This has been on my mind a lot lately. All of a sudden, people from both my distant and not so distant past are popping up. There is a re-connection somehow. Do you need to see a friend regularly to call them a friend? A visit to the Rupertinium Gallery bang right in the middle of old 14th Century Salzburg might hold part of the answer. Last Friday I popped in there with a ‘friend’ to check out the current exhibition. It’s titled ‘Through thick and thin’ – true friends accept us and love us just as we are.
If its purpose is to stimulate our thinking and have meaningful conversations with others about exactly ‘what is a friend’ then the exhibition surely does that. We all have notions of what a ‘best friend’ might be – someone who is there for you through thick and thin and you can count on no matter what. However, I can see that friendship and therefore what could also be classified as ‘being a friend’ goes much beyond that.
Reunions of school friends, work colleagues and the like let you reconnect with people you share a history or an experience with. Somehow we have touched each others’ lives in a way that makes us want to keep that connection alive. Whilst we may not see each other for a long period of time – I know that for me – I’d still be there if any of my old friends needed my help and would be happy to do that as best I can. Ponder the words of one of my favourite 1970’s songs ‘You’ve Got a Friend‘ sung here by James Taylor.
That made me wonder about friends and connections on facebook or linkedin too. As my connections are all people who have crossed my life path and contributed in one way or another to who I am today – I consider them all friends.
That then begs the question – might we extend our concept of friendship even further than that? In Scotland, we often address others with the word ‘pal’. It is not uncommon to address a total stranger with the phrase ‘How’s it going pal?’ It is a way to open up to a stranger and connect with them. Is a ‘pal’ and ‘friend’ the same thing?
On my recent trip to India – our driver enthusiastically told us about the 1,000 people who attended his wedding. Basically his whole village and extended family. For him – these people are all his friends and therefore natural to invite to share in the joy of his special day. Just as he would in there’s.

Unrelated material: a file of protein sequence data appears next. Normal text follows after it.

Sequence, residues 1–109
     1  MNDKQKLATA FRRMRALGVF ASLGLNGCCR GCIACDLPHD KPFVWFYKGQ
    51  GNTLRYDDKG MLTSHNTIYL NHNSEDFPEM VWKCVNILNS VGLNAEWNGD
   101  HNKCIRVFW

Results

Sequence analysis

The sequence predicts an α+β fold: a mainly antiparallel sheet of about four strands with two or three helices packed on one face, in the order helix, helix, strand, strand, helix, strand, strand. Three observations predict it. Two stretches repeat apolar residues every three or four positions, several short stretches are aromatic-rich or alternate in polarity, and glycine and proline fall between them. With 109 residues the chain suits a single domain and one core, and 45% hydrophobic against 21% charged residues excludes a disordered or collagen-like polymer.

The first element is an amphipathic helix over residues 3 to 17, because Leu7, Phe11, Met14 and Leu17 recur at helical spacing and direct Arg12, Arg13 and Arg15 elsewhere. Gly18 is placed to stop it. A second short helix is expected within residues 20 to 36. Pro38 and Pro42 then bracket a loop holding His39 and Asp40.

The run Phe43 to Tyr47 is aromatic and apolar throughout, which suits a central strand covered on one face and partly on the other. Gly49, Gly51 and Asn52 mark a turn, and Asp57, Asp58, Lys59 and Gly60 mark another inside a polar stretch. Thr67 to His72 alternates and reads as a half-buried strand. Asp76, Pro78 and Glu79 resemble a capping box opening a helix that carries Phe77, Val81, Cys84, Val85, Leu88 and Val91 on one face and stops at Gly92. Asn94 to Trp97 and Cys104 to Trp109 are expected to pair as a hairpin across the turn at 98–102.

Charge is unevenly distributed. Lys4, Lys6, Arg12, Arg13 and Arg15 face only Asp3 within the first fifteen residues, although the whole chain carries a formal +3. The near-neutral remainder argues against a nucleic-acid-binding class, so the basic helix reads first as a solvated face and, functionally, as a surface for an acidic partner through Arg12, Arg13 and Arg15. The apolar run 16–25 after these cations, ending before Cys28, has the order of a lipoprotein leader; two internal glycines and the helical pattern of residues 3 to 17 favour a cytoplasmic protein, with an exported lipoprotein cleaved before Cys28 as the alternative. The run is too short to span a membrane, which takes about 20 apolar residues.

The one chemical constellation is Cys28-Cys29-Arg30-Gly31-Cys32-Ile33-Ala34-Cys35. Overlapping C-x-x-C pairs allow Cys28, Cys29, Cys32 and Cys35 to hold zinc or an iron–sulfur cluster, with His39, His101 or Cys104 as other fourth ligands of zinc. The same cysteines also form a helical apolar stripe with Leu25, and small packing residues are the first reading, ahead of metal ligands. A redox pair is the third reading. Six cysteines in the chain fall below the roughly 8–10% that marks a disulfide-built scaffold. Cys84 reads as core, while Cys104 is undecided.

New Year celebrations around the world often include Scotland’s Robert Burns song ‘Auld Lang Syne’ …. ‘Should old acquaintance be forgot, and never brought to mind’ invites us to reflect on longstanding friendship – people in our hearts and not in our presence right now. With both friends and strangers we gladly offer ….. ‘there’s a hand my trusty friend – And give thee a hand o’ thine’ extending kindness to those sharing the moment.
As I travelled around the world – I have met many total strangers who greeted me with kindness, consideration and unexpected hospitality. For sure I would call them ‘friends’ too.
Maybe there are degrees of friendship. A continuum with our closest friends at one end and ultimately all people at the other. Dancing along this continuum, friendship might be considered an art where we shift and weave our understanding of the notions of what a friend is and what it means to be one.
What does it mean for you? And like the exhibition in Salzburg – how would you discuss it with children or young people in a way to open their minds to the infinite possibilities friends and friendship can bring to the world? A great theme for a picture.
Creating paintings that inspire happy thoughts